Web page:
The Hazelcast Cloud Developer Hub

Welcome to the Hazelcast Cloud developer hub. You'll find comprehensive guides and documentation to help you start working with Hazelcast Cloud as quickly as possible, as well as support if you get stuck. Let's jump right in!

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Java Client

Quick Setup

Follow the below instructions to connect a Java client to your cluster.

1. Create a cluster as explained in the Create a Cluster section. After you create the cluster, the cluster specific page will load and cluster's state will be "Pending" for some seconds, as shown below.

2. When the cluster's state becomes "Running", the previously inactive button Configure Client on this page becomes active. Click on it and the following dialog appears:

3. Click on the Java tab (which is the default when the above dialog displays) and download the ZIP file as instructed in Step 1 in the above dialog box.
4. Extract the ZIP file and run the command, in the extracted folder, shown in the Step 2 in the above dialog box. If you are using Windows, run mvnw.cmd instead of mvnw.

You should see log output similar to the following:

Connection Successful! in your logs means that your client application has successfully connected to your cluster in Hazelcast Cloud. The sample code inserts random entries to your cluster as you can see in the logs. In your Hazelcast Cloud console (your cluster's page which you can reach from the "Clusters" top menu), you should see the charts begin to be populated with metrics of your map, as shown below:

Also, you can see your client listed under the "Client Statistics" at the bottom of your cluster's page:

Client Code

Now, as we have successfully connected and put data into the cluster, let's review and explain the client code you downloaded.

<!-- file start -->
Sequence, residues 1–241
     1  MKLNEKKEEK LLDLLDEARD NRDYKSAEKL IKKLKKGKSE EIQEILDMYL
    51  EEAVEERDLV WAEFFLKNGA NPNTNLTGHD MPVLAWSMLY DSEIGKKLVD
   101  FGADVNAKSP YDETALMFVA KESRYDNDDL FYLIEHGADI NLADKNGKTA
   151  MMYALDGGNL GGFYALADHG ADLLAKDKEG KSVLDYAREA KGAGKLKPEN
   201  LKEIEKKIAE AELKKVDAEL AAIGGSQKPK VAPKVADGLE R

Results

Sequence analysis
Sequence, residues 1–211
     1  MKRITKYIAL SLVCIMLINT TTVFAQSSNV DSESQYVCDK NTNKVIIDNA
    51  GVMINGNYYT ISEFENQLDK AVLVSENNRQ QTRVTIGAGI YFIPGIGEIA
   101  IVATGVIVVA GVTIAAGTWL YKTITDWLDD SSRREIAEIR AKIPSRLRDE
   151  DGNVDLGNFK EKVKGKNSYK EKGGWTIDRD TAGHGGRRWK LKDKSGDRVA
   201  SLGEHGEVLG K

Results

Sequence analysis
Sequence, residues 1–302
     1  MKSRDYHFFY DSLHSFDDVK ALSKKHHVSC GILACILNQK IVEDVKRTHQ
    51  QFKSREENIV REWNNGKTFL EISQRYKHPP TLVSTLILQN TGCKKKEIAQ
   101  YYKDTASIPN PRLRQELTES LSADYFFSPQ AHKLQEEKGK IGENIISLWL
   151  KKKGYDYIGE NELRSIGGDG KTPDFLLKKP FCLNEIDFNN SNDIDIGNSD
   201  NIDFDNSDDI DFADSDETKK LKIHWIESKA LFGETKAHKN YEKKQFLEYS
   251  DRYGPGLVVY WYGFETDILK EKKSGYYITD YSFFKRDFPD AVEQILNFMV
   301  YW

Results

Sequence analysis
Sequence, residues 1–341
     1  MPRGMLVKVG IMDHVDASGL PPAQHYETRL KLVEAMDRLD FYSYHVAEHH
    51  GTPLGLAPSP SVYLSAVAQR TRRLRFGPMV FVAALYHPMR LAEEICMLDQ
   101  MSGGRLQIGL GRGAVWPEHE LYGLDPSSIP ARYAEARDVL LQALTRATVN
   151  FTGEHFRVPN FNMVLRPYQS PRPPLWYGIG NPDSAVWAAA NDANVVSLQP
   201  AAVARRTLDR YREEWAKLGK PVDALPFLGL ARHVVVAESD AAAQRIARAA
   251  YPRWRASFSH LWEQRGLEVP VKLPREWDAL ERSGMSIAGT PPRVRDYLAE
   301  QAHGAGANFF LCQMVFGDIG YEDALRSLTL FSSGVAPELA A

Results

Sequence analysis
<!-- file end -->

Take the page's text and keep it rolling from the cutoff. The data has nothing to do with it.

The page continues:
You may want to open the directory (extracted from the ZIP file you downloaded in the Step 3 above) as a Maven Java project in your favorite IDE.

Alternatively, you can simply go to src/main/java/com/hazelcast/cloud in the directory mentioned above. If you had enabled encryption in your cluster, open the ClientWithSsl.java file. Otherwise, open the Client.java file. We will explain both files line by line in the following sections.

Client.java

This is the downloaded sample client code when your cluster does not have an encryption.

public class Client {

    public static void main(String[] args) throws InterruptedException {
        ClientConfig config = new ClientConfig();
        config.setGroupConfig(new GroupConfig("YOUR_CLUSTER_NAME", "YOUR_CLUSTER_PASSWORD"));
        config.setProperty("hazelcast.client.statistics.enabled","true");
        config.setProperty(ClientProperty.HAZELCAST_CLOUD_DISCOVERY_TOKEN.getName(), "YOUR_CLUSTER_DISCOVERY_TOKEN");
        HazelcastInstance client = HazelcastClient.newHazelcastClient(config);
        IMap<String, String> map = client.getMap("map");
        map.put("key", "value");
        if(map.get("key").equals("value")) {
            System.out.println("Connection Successful!");
            System.out.println("Now, `map` will be filled with random entries.");
        }
        else {
            throw new RuntimeException("Connection failed, check your configuration.");
        }
        Random random = new Random();
        while (true) {
            int randomKey = (int) random.nextInt(100_000);
            map.put("key" + randomKey, "value" + randomKey);
            map.get("key" + random.nextInt(100_000));
            if(randomKey % 10 == 0 ) {
                System.out.println("map size:" + map.size());
            }
            Thread.sleep(100);
        }
    }

}

First, we create an empty client configuration using the following line:

ClientConfig config = new ClientConfig();

Then, we set the cluster name and password via GroupConfig using the following line:

`config.setGroupConfig(new GroupConfig("YOUR_CLUSTER_NAME", "YOUR_CLUSTER_PASSWORD"));`

The cluster name and password are unique to your cluster. The client is authenticated using this password.

To enable Hazelcast to send the client statistics to the cluster's page, we use the following line:

config.setProperty("hazelcast.client.statistics.enabled","true");

Then, we set the discovery token using the following line: